Weekly Roundup: 2019.06.01
Denny Burk on whether churches should allow women to preach to men, Jason Seville on meaningful church membership, and John MacArthur on personal integrity; lastly, a quote by B.B. Warfield on becoming weary of God.
Should churches allow women to preach to men? | Denny Burk
The role of women has become a hot topic within the Evangelical church. Burk provides clarity and helpful analysis of the current events, especially within the Southern Baptist Convention (SBC), and illuminates the Scriptures.
I have written about this issue numerous times in the past (e.g., here and here), so it is no secret where I stand on all this. Still, it is worth considering Kathy Keller’s challenge on this point. Is it really “injustice” and “disobedience” when churches do not allow women to teach or to lead men? This is a question worth considering because contemporary conversations are being pressed more and more in terms of justice.
Meaningful Membership & Shepherding the Saints | Jason Seville | 9Marks
This is just one of the many good articles from 9Marks’ new Journal edition, “Church Membership: Following the Lord Together”.
Let’s begin with a parable:
A man had a hundred sheep, and one of them had gone astray. As he sat out to leave the ninety-nine in search of the one he paused and thought for a moment. Wait, maybe I had ninety-nine to begin with. He turned back and went about his business. The End.
Pursue Integrity Relentlessly | John MacArthur | Ligonier Ministries
How high is the moral and ethical standard set by God’s law? Unimaginably high. Jesus equates it with God’s own perfection: “You therefore must be perfect, as your heavenly Father is perfect” (v. 48).
That sets an unattainable standard, of course. But it is our duty to pursue integrity relentlessly nonetheless. Perfect ethical consistency is a vital aspect of that consummate goal — absolute Christlikeness — toward which every Christian should continually be striving (Phil. 3:12–14). No believer, therefore, should ever knowingly sacrifice his or her ethical integrity.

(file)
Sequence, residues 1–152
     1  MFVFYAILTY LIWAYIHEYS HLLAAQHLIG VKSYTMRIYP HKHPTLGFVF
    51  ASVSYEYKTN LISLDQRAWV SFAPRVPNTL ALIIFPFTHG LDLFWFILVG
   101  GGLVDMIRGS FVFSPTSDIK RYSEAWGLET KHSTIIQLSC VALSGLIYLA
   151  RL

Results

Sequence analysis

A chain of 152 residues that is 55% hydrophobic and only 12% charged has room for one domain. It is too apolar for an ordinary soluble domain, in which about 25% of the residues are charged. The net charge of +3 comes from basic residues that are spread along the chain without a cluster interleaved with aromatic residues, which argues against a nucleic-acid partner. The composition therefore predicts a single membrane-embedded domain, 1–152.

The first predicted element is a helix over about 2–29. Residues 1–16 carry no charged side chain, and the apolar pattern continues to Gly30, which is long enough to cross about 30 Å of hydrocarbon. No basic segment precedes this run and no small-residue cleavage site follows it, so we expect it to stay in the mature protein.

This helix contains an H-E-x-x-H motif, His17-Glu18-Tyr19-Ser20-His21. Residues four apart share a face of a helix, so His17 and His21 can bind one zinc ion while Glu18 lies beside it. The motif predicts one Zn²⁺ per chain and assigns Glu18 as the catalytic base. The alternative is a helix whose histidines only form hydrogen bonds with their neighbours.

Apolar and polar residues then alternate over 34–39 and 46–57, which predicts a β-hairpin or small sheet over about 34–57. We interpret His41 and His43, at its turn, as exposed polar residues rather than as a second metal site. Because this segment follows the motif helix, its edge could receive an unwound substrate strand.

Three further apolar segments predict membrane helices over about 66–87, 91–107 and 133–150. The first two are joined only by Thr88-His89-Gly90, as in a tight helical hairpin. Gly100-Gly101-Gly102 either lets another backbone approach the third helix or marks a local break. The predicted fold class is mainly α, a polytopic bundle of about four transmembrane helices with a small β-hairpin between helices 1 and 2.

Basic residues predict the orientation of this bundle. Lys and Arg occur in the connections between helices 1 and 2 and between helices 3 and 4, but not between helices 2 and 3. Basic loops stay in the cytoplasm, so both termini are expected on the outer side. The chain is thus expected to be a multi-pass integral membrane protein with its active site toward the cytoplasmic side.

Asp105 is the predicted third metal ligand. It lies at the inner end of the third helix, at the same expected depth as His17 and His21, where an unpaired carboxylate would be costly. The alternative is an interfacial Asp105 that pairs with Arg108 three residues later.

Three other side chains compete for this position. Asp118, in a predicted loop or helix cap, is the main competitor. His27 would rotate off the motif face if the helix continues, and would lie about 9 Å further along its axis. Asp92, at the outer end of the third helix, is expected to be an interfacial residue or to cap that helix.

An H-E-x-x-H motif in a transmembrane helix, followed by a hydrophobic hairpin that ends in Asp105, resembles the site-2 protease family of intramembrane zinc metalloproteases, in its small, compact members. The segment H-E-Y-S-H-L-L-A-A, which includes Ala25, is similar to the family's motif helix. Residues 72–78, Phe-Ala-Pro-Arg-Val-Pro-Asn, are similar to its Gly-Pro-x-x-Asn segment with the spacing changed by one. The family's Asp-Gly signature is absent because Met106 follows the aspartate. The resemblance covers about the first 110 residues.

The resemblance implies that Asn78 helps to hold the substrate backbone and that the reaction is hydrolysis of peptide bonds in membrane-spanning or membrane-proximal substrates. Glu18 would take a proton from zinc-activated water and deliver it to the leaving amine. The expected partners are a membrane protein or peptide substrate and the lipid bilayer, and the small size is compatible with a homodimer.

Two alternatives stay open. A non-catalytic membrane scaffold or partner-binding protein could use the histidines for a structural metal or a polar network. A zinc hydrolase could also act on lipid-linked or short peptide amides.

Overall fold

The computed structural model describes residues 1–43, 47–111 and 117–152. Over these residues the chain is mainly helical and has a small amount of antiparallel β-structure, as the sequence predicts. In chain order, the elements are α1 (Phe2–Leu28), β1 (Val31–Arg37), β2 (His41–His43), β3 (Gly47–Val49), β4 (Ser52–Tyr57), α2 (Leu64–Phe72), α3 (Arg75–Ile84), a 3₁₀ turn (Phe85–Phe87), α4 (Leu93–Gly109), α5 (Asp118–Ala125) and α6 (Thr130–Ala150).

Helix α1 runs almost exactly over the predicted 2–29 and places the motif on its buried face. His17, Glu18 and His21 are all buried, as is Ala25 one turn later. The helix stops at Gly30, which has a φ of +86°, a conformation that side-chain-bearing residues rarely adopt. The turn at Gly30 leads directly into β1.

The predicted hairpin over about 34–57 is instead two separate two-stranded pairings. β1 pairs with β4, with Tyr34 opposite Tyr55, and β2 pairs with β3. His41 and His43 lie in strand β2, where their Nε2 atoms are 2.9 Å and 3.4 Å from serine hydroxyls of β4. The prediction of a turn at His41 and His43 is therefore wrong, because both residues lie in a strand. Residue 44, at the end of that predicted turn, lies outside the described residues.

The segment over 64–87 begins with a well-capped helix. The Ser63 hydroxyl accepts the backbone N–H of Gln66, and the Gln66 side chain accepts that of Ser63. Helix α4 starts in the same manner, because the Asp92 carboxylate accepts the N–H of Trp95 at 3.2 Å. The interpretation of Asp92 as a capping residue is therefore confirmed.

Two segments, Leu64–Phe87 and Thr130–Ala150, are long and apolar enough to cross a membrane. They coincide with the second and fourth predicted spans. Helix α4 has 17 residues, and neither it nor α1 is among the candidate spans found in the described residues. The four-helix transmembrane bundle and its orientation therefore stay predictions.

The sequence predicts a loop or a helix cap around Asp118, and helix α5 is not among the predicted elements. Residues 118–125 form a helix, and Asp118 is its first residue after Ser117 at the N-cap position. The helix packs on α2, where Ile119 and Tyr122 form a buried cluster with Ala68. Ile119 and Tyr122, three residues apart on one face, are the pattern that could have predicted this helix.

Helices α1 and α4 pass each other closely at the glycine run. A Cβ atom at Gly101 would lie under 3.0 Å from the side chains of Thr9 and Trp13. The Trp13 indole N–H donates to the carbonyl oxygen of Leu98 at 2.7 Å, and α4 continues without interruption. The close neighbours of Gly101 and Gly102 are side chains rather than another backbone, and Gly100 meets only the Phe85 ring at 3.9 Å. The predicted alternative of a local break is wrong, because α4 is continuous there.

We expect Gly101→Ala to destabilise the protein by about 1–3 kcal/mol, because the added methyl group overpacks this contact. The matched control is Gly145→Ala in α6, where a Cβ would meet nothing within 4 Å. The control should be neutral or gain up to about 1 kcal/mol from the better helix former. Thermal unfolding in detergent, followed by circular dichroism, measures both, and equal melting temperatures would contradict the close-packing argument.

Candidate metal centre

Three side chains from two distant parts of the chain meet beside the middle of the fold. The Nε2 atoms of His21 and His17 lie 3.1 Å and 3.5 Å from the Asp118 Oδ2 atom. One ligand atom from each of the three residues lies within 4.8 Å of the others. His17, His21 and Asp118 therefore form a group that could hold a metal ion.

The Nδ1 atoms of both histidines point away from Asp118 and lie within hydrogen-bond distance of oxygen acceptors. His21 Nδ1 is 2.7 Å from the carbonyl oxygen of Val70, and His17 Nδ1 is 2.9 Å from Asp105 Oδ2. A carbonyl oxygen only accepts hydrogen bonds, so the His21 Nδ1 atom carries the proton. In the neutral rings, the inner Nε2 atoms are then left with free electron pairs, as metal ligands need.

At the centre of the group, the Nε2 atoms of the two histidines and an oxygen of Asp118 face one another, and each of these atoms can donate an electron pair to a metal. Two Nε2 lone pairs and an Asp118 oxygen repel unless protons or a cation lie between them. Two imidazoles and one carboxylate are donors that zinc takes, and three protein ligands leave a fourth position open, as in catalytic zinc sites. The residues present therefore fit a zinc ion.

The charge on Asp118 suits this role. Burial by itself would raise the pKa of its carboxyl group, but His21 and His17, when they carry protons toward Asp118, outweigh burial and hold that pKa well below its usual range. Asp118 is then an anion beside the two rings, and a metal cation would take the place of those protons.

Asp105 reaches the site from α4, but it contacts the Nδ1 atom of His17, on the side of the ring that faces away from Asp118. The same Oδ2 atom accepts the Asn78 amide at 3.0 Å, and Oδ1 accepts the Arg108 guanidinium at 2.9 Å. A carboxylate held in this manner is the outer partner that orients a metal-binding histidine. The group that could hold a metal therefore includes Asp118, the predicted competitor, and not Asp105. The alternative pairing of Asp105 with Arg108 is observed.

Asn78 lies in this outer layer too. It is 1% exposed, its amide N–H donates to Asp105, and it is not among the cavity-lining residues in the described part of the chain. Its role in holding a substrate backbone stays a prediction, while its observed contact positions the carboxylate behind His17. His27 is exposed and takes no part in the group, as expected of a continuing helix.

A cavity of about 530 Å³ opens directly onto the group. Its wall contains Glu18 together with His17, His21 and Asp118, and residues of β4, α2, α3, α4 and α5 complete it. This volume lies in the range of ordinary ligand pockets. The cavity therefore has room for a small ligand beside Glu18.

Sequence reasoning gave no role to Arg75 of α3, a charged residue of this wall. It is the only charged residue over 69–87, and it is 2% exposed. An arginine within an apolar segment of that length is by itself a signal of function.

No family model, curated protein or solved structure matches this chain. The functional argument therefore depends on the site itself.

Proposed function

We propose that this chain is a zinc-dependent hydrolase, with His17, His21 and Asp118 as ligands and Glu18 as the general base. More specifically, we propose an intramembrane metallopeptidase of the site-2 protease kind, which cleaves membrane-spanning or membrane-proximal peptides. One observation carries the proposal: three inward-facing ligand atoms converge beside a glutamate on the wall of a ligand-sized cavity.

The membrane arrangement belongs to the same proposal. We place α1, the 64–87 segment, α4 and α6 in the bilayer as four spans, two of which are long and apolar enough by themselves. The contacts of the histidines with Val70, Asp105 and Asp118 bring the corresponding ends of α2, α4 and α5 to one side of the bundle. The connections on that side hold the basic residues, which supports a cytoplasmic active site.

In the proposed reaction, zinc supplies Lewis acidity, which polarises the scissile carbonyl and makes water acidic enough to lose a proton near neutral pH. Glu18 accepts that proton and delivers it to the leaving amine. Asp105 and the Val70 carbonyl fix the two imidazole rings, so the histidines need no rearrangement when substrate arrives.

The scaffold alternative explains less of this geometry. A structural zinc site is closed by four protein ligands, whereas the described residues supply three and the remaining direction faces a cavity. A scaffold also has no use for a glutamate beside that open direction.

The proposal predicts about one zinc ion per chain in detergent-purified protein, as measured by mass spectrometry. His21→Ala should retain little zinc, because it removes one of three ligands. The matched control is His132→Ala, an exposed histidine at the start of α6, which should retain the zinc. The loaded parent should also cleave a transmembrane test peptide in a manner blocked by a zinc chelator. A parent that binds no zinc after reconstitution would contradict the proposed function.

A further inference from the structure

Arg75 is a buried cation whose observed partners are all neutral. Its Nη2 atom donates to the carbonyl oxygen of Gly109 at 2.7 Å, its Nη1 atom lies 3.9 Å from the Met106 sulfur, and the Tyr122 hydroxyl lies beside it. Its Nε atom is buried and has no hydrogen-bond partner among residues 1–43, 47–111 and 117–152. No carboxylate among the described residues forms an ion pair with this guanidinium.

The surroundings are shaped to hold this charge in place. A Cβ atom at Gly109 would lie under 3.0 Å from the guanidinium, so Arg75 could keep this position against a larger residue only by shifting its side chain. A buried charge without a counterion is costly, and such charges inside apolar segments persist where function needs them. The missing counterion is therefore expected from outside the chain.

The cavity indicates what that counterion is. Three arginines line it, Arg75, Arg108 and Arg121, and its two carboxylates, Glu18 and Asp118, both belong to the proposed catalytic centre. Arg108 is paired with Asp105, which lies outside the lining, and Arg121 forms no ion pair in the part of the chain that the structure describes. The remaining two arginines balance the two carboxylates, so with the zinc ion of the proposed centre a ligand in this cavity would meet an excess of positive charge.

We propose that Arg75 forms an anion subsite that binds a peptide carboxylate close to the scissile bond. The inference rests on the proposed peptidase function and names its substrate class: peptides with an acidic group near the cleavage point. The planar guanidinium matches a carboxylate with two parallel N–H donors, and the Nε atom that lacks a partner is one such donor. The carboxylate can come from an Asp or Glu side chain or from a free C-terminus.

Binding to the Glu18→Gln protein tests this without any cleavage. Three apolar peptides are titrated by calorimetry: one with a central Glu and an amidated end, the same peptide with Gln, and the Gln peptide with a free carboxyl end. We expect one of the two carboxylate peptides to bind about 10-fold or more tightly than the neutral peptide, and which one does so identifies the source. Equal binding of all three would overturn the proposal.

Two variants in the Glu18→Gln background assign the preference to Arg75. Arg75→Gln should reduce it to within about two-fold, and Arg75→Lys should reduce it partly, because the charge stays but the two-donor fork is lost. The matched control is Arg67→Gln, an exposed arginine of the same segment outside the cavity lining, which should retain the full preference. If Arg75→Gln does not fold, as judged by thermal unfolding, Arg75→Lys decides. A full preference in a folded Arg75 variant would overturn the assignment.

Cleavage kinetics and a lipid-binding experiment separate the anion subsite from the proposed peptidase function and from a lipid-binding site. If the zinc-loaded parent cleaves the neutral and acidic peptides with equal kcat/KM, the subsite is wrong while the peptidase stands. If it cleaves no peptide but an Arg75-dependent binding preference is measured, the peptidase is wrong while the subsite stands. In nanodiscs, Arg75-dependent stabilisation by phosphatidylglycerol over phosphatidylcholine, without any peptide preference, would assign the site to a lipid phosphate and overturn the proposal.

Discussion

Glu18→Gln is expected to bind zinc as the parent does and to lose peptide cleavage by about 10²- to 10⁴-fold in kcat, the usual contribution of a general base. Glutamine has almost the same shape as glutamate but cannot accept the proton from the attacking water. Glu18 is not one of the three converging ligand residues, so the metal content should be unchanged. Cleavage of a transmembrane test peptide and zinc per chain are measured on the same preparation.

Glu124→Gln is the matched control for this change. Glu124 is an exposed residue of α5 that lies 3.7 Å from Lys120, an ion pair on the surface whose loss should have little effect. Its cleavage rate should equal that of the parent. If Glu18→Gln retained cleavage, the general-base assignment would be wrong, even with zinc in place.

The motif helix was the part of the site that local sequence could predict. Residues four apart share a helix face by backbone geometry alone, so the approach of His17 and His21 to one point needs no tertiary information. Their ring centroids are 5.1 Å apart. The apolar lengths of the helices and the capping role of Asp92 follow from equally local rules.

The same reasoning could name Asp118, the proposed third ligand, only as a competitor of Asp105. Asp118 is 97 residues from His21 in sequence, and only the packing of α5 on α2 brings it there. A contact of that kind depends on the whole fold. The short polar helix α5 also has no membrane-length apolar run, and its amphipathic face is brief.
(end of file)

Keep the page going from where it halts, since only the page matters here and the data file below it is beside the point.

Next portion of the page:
For more articles saved over the years, see my Evernote collection.
This quote comes from B. B. Warfield, as quoted by Paul David Tripp in his book Dangerous Calling.
We are frequently told, indeed, that the great danger of the theological student lies precisely in his constant contact with divine things. They may come to seem common to him because they are customary. As the average man breathes the air and basks in the sunshine without ever a thought that it is God in his goodness who makes his sun to rise on him, though he is evil, and sends rain to him, though he is unjust; so you may come to handle even the furniture of the sanctuary with never a thought above the gross earthly materials of which it is made. The words which tell you of God’s terrible majesty or of his glorious goodness may come to be mere words to you—Hebrew and Greek words, with etymologies, inflections and connections in sentences. The reasonings which established to you the mysteries of his saving activities may come to be to you mere logical paradigms, with premises and conclusions, fitly framed, no doubt, and triumphantly cogent, but with no further significant to you than their formal logical conclusiveness. God’s stately steppings in his redemptive processes may become to you a mere series of facts and history, curiously interplaying to the production of social and religious conditions and pointing mayhap to an issue which we may shrewdly conjecture: but much like other facts occurring in time and space which may come to your notice. It is your great danger. But it is your great danger only because it is your great privilege. Think of what your privilege is when your greatest danger is that the great things of religion may become common to you! Other men, oppressed by the hard conditions of life, sunk in the daily struggle for bread perhaps, distracted at any rate by the dreadful drag of the world upon them and the awful rush of the world’s work, find it hard to get time and opportunity so much as to pause and consider whether there be such things as God, and religion, and salvation from the sin that compasses them about and holds them captive. The very atmosphere of your life is these things; you breathe them in at every pore: they surround you, encompass you, press in upon you from every side. It is all in danger of becoming common to you! God forgive you, you are in danger of becoming weary of God!
— Dangerous Calling, Paul David Tripp. Chapter 8: “Familiarity”. pp. 113–114.